At day's end on Monday (Dec. 15), the FCC's AWS-3 spectrum auction had drawn a total of $43,891,553,200 in provisional bids since its launch Nov. 13.
The last round of the day, No. 97, drew $53,332,000 in new bids (66 of them) on 1,612 licenses (two licenses have no bids).
That was up from only $5,815,700 on 44 bids for the previous round, so the auction wind-down continues on a peripatetic course.
The auction will not be over until there are no bids or waivers in a round. The reserve price has long since been met--more than quadrupled, in fact--so it is already a success, and arguably a very big one since pre-auction estimates were roughly in the $12 billion-$16 billion range.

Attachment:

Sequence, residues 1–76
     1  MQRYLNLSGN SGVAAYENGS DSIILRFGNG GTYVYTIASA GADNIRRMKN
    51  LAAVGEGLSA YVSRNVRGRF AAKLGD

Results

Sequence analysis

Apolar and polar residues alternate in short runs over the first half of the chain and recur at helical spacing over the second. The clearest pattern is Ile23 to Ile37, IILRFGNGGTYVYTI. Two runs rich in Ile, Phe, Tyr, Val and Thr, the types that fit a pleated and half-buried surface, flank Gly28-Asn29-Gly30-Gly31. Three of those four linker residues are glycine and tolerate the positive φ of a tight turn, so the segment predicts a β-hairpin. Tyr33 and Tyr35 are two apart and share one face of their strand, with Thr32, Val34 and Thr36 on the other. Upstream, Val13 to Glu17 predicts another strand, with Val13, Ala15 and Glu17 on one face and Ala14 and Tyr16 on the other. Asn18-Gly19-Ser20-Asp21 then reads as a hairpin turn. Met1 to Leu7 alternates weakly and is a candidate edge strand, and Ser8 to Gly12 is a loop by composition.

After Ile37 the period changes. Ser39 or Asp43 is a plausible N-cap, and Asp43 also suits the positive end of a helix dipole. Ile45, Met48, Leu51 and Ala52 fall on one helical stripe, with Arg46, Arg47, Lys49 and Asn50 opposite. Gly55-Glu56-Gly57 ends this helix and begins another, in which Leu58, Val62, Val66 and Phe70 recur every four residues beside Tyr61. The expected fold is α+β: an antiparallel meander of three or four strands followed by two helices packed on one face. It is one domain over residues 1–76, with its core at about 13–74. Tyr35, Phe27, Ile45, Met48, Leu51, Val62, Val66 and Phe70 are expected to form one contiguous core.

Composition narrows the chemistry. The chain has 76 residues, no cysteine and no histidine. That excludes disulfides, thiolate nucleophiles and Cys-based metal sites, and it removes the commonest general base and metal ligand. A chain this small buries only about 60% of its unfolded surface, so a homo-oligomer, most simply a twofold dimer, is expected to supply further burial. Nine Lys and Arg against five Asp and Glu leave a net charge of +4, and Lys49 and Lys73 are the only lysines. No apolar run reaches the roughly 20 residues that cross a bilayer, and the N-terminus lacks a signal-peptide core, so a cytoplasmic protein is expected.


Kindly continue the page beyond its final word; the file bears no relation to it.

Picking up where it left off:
The AWS-3 auction is for 65 MHz of spectrum being bid on by wireless companies including AT&T, Verizon and T-Mobile. Proceeds will pay for FirstNet, the interoperable first responder network, E911 and R&D, as well as for deficit reduction.
The success of this auction means the FCC is under less pressure to raise money from the broadcast incentive auction to pay for those things, though it is still under pressure from wireless companies to reclaim as much spectrum as possible to for auction.